• Remove moratoria on offshore exploration and development. Moratoria on petroleum exploration and production in areas such as the Queen Charlotte Basin and the U.S. Pacific Offshore should be lifted once the authorities are satisfied, having studied the cause of the BP Deepwater Horizon crude oil leak in the U.S. Gulf of Mexico, that the environmental risks can be mitigated. With the lifting of the moratoria, new areas for potential discoveries will be opened and additional indigenous oil supplies can be tapped.

  • Streamline regulatory processes for obtaining energy pipeline construction permits. Government involvement in the construction-permitting process should be confined to non-commercial aspects such as safety, the environmental impacts, and other matters of importance from a public interest perspective.

  • Adopt standard, consistent procedures for resolving aboriginal land claims. Such an approach will prevent these issues from delaying pipeline project construction and saddling the ultimate users of the energy commodities with inappropriate transportation costs.

  • Adopt measures to improve labour mobility. Extending the labour mobility clause in the North American Free Trade Agreement that applies to professionals to include the skilled trades would improve skilled worker mobility among Canada, the United States, and Mexico. Canada, the United States, and Mexico should also explore the possibility of securing bilateral labour mobility arrangements with other countries, similar to the arrangement in place between Australia and New Zealand.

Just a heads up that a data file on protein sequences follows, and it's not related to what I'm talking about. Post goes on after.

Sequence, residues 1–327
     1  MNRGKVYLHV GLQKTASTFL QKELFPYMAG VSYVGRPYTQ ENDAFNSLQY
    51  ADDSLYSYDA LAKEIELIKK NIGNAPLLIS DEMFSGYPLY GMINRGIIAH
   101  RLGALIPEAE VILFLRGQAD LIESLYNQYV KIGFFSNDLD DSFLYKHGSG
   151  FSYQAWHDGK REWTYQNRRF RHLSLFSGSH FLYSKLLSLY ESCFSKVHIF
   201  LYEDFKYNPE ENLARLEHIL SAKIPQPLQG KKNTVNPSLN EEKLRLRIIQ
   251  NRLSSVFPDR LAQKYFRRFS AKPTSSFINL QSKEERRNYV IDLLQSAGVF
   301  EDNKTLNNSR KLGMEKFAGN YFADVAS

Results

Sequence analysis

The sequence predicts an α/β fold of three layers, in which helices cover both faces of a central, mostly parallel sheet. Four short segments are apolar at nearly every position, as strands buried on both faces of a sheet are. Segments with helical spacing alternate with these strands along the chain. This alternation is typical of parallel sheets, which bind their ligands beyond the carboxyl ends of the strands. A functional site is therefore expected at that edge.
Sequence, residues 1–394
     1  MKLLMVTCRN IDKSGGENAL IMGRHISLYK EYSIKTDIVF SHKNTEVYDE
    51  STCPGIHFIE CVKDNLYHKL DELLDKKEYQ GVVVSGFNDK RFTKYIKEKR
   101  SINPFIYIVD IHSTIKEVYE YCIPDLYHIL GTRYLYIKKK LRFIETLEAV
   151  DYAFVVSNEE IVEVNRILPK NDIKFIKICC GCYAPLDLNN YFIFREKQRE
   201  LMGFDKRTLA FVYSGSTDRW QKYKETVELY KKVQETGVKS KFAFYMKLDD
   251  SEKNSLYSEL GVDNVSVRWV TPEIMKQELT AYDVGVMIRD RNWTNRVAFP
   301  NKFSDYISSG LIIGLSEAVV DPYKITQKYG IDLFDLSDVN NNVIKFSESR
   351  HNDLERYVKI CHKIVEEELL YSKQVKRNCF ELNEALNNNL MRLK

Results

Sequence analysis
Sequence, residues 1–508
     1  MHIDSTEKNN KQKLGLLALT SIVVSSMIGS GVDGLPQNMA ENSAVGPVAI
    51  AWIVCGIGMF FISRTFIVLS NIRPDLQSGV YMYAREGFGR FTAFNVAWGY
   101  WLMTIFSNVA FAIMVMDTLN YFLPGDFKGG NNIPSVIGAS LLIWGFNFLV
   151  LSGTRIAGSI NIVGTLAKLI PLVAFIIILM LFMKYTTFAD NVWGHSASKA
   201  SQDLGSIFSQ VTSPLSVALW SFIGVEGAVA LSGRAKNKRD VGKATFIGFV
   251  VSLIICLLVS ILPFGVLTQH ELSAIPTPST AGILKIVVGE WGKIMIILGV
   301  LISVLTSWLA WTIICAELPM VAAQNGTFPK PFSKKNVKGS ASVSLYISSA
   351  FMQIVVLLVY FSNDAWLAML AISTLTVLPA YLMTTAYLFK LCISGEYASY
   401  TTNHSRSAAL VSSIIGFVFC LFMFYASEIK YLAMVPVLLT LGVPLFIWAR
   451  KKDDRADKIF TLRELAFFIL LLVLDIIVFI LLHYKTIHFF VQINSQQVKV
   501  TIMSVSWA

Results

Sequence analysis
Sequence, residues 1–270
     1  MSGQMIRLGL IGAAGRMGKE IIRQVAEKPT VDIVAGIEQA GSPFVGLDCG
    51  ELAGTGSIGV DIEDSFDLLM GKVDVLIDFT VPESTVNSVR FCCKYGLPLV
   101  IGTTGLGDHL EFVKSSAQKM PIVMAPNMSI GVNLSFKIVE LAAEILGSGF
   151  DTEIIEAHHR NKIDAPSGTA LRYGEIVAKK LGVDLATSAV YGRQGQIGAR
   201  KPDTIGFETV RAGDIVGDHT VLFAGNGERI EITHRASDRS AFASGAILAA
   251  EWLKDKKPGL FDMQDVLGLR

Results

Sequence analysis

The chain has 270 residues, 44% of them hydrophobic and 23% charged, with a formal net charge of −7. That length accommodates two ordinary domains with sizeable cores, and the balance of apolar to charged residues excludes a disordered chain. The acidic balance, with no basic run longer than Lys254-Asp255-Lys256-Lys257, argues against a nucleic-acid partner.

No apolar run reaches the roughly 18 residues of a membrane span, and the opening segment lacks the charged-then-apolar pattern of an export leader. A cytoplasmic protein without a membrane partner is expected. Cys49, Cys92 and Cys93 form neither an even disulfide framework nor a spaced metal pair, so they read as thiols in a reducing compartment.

• Reduce barriers to Mexican oil production growth. In Mexico, heavy taxation and constitutional restrictions on foreign direct investment severely limit the ability of PEMEX, the Mexican state-owned petroleum company, to invest in technology and resource exploration. Opening investment to foreign companies would significantly boost Mexican oil exploration and production development and help prevent Mexico from becoming dependent on oil imports for years to come.

In addition to the employment and income benefits of increased petroleum investment, the report notes that accelerated development would bring domestic oil demand and production into closer balance, helping to improve continental energy security by reducing the vulnerability of oil supply to disruptions in shipments from the Middle East and other supply regions.

"Government must avoid intervening in energy investment decisions because the allocation of resources is best left to those who are motivated by market forces, have an in-depth knowledge of the technologies involved, and are prepared to take risks based on their understanding of how energy requirements are likely to change," Angevine said.

Towards North American Energy Security: Removing Barriers to Oil Industry Development is the second instalment in the Institute's Continental Energy Strategy series, which will culminate in forthcoming studies examining the natural gas and electric power sectors, as well as a report analyzing the role of renewable policy.

The complete study can be downloaded as a PDF, free of charge, at

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The Fraser Institute is an independent Canadian public policy research and educational organization with offices in Vancouver, Calgary, Toronto, and Montreal and ties to a global network of 80 think-tanks. Its mission is to measure, study, and communicate the impact of competitive markets and government intervention on the welfare of individuals. To protect the Institute's independence, it does not accept grants from governments or contracts for research. Visit